Once again, in the wake of another senseless mass murder with an assault rifle, there is renewed talk about more laws limiting the sale and possession of guns. I support some of them. Nobody needs a high-powered weapon that shoots 100 or more rounds a minute. It is not something you would take to the woods to hunt deer, only to resist or attempt an invasion.
The gun control talk includes proposed laws to keep guns away from people with a “history of mental illness.” I testified against such a law in the NH Legislature a couple of years ago, and would again tomorrow, just days after the latest abomination.
I felt strange in that witness chair, opposing my state Senator Sylvia Larson (D), senate president and one of the leading progressives in my state, whom I usually agree with on issues. I agreed instead with the “usual suspects” in the 2nd Amendment, absolute gun rights crowd, who usually make me nervous.
But the “gunnies” were right about one thing this one time:
Sen. Larson, and the “mothers against guns” group supporting this law, really want to take guns away from everybody, or as many people as possible. They know they don’t have enough political support to do that, so they go after the low-hanging fruit.
On this issue, no fruit hangs lower than people with a history of mental illness – “mental defectives,” as Sen. Larson — a social worker by trade — called us over and over and over in her testimony in favor of her bill. (She opened that statement saying her bill does not stigmatize people with mental illness.)
We’re easy targets because people are already scared of us, and think we’re all dangerous time bombs that could explode anywhere, anytime, for no reason.
Just this morning (Dec. 18) on public radio, a talk show panelist raised an objection to gun laws aimed at people with mental health histories very similar to the one I raised to Sen. Larson’s bill:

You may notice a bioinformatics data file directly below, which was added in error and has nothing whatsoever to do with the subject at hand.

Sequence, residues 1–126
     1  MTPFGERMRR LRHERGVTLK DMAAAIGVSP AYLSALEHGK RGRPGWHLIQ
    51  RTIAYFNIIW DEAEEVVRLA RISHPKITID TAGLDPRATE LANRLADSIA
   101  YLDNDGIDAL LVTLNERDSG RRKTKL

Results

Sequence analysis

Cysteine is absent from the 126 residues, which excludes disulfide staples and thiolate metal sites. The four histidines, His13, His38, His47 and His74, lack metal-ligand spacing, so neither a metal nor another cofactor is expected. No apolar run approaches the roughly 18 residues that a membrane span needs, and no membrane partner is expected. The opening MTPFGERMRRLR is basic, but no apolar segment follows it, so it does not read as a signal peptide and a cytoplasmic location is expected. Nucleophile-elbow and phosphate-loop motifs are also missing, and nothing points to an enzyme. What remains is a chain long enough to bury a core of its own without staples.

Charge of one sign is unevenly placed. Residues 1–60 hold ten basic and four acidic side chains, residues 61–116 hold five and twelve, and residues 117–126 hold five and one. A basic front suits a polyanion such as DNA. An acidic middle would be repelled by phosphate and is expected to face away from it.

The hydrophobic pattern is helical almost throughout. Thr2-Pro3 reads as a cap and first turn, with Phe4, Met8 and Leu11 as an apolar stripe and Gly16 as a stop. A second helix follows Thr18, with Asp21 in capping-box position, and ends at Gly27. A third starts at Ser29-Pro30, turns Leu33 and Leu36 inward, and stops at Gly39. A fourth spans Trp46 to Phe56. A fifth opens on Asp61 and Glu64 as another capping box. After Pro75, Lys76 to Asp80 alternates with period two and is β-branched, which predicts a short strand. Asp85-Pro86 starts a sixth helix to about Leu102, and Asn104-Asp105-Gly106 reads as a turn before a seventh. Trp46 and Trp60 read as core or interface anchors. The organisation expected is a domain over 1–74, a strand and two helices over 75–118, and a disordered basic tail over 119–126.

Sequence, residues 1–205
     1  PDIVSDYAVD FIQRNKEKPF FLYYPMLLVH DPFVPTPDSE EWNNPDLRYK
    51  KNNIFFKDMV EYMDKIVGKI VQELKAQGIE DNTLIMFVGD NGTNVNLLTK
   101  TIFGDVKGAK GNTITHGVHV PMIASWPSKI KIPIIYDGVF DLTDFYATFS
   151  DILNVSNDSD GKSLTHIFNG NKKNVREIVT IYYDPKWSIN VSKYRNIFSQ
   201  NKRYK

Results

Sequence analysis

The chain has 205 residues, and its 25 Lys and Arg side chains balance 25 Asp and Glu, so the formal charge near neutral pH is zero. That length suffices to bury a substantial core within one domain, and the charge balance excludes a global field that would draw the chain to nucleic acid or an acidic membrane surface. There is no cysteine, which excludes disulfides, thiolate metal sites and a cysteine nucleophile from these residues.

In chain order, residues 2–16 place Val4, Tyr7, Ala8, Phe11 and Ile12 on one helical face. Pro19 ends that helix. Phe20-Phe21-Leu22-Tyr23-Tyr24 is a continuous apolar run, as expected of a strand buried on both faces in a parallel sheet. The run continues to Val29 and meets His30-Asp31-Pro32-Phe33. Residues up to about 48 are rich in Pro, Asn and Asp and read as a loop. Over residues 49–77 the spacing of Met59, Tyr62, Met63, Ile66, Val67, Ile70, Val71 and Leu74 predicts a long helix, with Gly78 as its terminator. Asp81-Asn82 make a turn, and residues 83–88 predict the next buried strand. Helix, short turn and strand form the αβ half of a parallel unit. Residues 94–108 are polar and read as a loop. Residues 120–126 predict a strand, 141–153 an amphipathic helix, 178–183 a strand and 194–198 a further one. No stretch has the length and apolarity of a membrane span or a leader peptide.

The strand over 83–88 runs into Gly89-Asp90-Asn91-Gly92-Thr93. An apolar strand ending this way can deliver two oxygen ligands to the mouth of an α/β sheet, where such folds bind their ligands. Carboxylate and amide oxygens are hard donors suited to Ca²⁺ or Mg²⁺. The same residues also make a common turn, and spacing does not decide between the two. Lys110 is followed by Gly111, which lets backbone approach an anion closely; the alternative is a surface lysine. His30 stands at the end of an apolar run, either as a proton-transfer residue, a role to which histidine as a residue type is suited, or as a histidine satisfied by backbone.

There is no test or objective way to predict who might become violent. “A history of mental illness” is much too broad a definition, he said, and many people who open fire randomly with assault rifles have no documented history of emotional problems at all.
Sen. Larson’s bill, which was copied from a model written by a national gun control group, narrowed the definition of what they called “mental defectives” to anyone who was ever released from a psychiatric facility on a conditional discharge, or ever had a guardian appointed.
One third of the patients released from NH’s psychiatric hospital are given conditional discharges, intended to create consequences for failing to cooperate with outpatient treatment after release. When the hospital or family asks the court to appoint a guardian for someone, it’s usually because the person can’t handle his own money or sign his own contracts. Very occasionally, in special circumstances, the court appoints a guardian to authorize forced treatment.
Need I say that I’m dead-set against forced treatment and outpatient commitment? That’s beside the point here. The point is that neither of those things has anything to do with a person’s potential for violence.
After being called a “mental defective” by my state senator many times in a few minutes, I told the committee, when it was my turn to speak, that “I’ve never been called a nigger, but I’ve been called a kike and a Jew-bastard and a whacko. I felt the same just now, listening to Sen. Larson call me names. You can’t tell me this bill does not stigmatize or discriminate against me and people like me,” I said.
We should ban those assault rifles for everyone (my choice), or no one, or violent felons, not just “mental defectives” like me.
Mad in America hosts blogs by a diverse group of writers. These posts are designed to serve as a public forum for a discussion—broadly speaking—of psychiatry and its treatments. The opinions expressed are the writers’ own.